Drover’s Lane, Penrith CA11 9EL
A neat mid-nineteenth century Puginian Gothic town church, built at the expense of Fr George Haydock of Cottam and other Catholic notables. The church and substantial presbytery adjoin the churchyard of the Anglican parish church, within the Penrith Conservation Area.
A mission was set up in Penrith by Fr George Haydock of Cottam in the early nineteenth century. He left after a dispute with the bishop, but returned in 1838 and remained in charge of the mission for another eleven years. In the intervening period, Mr Newsham was appointed priest in 1833 and established a school. Fr Haydock started work on the building of the present church but did not live to see it completed. He died in November 1849 and was buried in the new church, which was completed the following year. Fr Haydock also bought the grounds that surrounds the church.
The new church was described in The Carlisle Journal, as recounted in The Tablet (22 June 1850):
‘The church has been erected from designs and under the direction of Mr Atkinson, of Carlisle and is of the decorated period of ecclesiastical architecture; with high open roof, richly painted with inscriptions from the Psalms. On the cornice, on each side, on labels in colours and gold, are depicted the eight Beatitudes ; the side windows, which are of two lights, each filled with a simple pattern of coloured glass, are very effective; and between each window are tables to the memory of the four principal benefactors to the mission – the late Catherine, Lady Throgmorton, the late Henry Howard Esq., of Corby Castle ; the late James Smith Esq., of Carleton Cottage; and the late Rev. G. L. Haydock, of Penrith. The chancel is divided from the body of the church by a light screen, surmounted by the Holy Rood and images of the Blessed Virgin and St John. The east window, by Scott and Son, of Carlisle, which does them much credit, contains in six compartments, the principal events in the life of our Blessed Saviour, surmounted by the emblem of the descent of the Holy Ghost. Above the altar, and below the window, are richly painted on each side of the tabernacle the four Evangelists, our Blessed Lady, and St Catherine; on the front of the altar, beautifully painted, are the Holy Lamb and SS. Peter and Paul; at the side are rich dorsals hung from handsome brackets, and above them at the east are branches of lights. The brackets and altar-candlesticks were made by Mr Corbett of Carlisle’.
In 1860 the Revd Robert Smith doubled the size of the church by adding transepts (possibly by John Seed, architect of Ushaw College, whom Pevsner credits with unspecified additions at that time). Fr Smith also built the presbytery (1853).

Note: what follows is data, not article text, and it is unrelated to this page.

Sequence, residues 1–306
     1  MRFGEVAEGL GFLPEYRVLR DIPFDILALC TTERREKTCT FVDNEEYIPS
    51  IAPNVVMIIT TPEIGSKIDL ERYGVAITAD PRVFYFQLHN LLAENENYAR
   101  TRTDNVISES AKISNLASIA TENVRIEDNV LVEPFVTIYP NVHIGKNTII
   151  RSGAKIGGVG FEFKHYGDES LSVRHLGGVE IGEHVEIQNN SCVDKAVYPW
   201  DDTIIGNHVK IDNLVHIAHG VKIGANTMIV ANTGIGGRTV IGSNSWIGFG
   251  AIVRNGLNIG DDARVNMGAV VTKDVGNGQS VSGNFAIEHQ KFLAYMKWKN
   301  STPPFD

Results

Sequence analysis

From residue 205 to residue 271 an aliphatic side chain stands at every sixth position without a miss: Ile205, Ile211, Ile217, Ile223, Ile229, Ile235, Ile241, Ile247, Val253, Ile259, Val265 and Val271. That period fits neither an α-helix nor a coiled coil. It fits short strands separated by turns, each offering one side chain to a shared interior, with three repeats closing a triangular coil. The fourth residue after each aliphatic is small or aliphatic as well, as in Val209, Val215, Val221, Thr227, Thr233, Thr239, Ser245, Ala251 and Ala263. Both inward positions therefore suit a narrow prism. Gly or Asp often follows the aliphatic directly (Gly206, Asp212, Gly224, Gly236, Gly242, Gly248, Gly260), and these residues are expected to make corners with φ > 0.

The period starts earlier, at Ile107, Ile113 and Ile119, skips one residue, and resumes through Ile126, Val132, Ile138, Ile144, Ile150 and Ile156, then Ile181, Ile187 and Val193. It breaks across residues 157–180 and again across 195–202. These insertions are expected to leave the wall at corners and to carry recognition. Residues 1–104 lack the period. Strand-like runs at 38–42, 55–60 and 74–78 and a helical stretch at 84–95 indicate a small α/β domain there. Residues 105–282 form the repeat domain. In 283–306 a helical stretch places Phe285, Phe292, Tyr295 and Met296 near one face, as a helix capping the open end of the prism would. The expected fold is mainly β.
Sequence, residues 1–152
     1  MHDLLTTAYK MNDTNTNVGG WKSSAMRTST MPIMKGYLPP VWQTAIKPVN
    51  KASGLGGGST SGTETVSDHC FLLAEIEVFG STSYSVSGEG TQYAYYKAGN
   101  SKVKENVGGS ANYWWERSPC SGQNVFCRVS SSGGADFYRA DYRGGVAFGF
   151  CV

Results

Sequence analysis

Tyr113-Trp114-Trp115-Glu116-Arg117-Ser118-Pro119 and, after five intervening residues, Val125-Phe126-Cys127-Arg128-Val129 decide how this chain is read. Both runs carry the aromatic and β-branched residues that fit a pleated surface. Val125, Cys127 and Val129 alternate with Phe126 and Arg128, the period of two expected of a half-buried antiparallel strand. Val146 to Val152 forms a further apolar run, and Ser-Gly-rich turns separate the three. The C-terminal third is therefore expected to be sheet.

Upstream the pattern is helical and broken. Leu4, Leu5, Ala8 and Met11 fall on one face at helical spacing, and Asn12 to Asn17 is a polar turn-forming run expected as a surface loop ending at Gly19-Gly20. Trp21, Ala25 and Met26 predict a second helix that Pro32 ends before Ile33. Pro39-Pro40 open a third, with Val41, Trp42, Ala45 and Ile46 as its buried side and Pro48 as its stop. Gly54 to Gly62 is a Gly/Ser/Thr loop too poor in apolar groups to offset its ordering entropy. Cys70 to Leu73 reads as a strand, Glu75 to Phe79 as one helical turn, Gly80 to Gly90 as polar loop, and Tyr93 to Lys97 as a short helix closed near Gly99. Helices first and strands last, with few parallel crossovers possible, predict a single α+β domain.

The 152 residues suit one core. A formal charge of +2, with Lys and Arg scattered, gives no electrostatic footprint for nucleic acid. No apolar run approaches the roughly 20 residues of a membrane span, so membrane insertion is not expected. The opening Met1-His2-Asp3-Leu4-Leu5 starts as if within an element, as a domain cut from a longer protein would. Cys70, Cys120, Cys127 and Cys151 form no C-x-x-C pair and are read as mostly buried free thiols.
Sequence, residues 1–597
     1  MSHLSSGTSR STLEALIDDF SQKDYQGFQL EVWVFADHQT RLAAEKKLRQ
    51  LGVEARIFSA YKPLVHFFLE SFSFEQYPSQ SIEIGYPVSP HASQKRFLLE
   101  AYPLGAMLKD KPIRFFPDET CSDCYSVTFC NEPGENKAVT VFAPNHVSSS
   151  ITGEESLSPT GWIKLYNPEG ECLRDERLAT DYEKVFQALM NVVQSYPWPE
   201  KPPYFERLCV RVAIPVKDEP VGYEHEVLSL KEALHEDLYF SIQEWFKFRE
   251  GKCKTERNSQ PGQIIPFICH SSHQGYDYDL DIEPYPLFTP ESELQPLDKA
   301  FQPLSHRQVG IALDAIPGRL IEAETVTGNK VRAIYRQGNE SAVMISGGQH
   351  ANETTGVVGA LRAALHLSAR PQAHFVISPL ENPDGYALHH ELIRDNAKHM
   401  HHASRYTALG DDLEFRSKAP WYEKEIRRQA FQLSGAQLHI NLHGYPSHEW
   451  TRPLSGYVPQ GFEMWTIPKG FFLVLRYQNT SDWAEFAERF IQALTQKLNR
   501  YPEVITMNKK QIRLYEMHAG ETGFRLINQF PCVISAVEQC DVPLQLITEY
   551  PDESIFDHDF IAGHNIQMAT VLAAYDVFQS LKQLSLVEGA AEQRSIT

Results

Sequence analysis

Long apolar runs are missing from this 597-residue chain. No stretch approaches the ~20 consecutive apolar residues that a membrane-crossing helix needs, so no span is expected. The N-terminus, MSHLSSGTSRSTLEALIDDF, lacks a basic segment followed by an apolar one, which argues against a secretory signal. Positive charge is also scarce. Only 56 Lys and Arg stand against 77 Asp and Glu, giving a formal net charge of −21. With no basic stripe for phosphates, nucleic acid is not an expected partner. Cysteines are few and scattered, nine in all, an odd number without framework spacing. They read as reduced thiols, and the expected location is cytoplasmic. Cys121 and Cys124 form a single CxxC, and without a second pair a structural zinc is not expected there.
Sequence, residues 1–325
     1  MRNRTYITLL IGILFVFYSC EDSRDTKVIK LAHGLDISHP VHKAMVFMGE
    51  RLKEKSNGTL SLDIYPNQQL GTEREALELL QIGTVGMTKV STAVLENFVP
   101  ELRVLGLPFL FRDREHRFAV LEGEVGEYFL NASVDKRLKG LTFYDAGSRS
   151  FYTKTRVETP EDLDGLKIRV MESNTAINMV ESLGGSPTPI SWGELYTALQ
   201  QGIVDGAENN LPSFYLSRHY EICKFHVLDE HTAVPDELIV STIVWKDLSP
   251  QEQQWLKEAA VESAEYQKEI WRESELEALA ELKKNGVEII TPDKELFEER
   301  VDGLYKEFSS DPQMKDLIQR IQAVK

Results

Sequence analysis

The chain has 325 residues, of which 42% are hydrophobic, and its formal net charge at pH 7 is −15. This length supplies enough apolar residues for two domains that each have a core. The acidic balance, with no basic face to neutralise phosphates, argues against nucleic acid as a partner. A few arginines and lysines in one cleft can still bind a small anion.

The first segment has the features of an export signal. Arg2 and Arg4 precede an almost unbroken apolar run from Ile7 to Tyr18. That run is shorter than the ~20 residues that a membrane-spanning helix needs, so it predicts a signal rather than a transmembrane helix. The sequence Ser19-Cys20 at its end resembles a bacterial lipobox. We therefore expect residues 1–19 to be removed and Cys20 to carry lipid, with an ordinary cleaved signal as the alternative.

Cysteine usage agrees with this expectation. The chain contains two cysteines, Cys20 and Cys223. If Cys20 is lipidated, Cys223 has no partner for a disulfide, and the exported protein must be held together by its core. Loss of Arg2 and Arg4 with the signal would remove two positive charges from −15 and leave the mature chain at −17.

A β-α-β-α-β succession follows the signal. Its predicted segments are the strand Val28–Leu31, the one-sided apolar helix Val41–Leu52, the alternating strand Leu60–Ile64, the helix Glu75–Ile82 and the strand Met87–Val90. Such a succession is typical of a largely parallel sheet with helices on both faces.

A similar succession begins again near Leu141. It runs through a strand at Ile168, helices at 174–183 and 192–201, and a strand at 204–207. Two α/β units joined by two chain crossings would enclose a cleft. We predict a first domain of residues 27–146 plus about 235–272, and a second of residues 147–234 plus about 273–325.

In June 1921 the Bishop of Hexham and Newcastle blessed a new wooden altar, made by Ernest Johnstone of Penrith and erected by parishioners to the memory of their war dead.
The church is fourteenth century Gothic in style, built of red sandstone, with steeply-pitched slate roofs. It is cruciform in plan, with a single-volume nave, two transepts and a lower apsidal sanctuary facing approximately northwest.
Inside, the roof has arched braced trusses and rafters painted white. An old guidebook seen by the author makes reference to forty ceiling panels painted with coloured and gilded figures and monograms, executed by John Seed, but there is no longer any evidence of these. The walls are plastered and painted, the window tracery Geometrical and Decorated.
There is a large sanctuary arch with unobstructed views; originally there was a light screen surmounted by a rood. Smaller double Gothic arches marking the entrance to each transept. The transepts themselves are large enough to contain side chapels. A new wooden high altar was installed in 1900. Neo-Gothic in design, it was made by Mr Verloo of Sottegem, Flanders. Mr Verloo also presented a canopy in c1905, although, if it was installed, it has since been removed.
The four stained glass windows in the sanctuary were funded by Lord Howard of Penrith, in memory of his son, who died in 1926. Although there is more fine stained glass elsewhere in the church, its history and provenance is not readily available. Pevsner states that the stained glass is by Francis Barnett of Edinburgh.
The sacristy leads off the nave of the church in a link which was probably added when the presbytery was built in 1853. This meant the loss of a window in the nave. This alteration, and the addition of a gallery which blocks some light from the stained glass window in the south gable wall, means the original church interior was probably much lighter than it is at present.
The oak pews and linoleum floor are modern; the gallery at the southern end of the nave appears to be a twentieth century addition.
The presbytery (attached by a link to the east side of the church) dates from 1853, and is built in the same sandstone. UPVC windows have replaced the original ones, and a new north-facing porch has been added.
Entry amended by AHP 20.12.2020
Architect: Mr Atkinson of Carlisle.
Original Date: 1850
Conservation Area: Yes
Listed Grade: Not Listed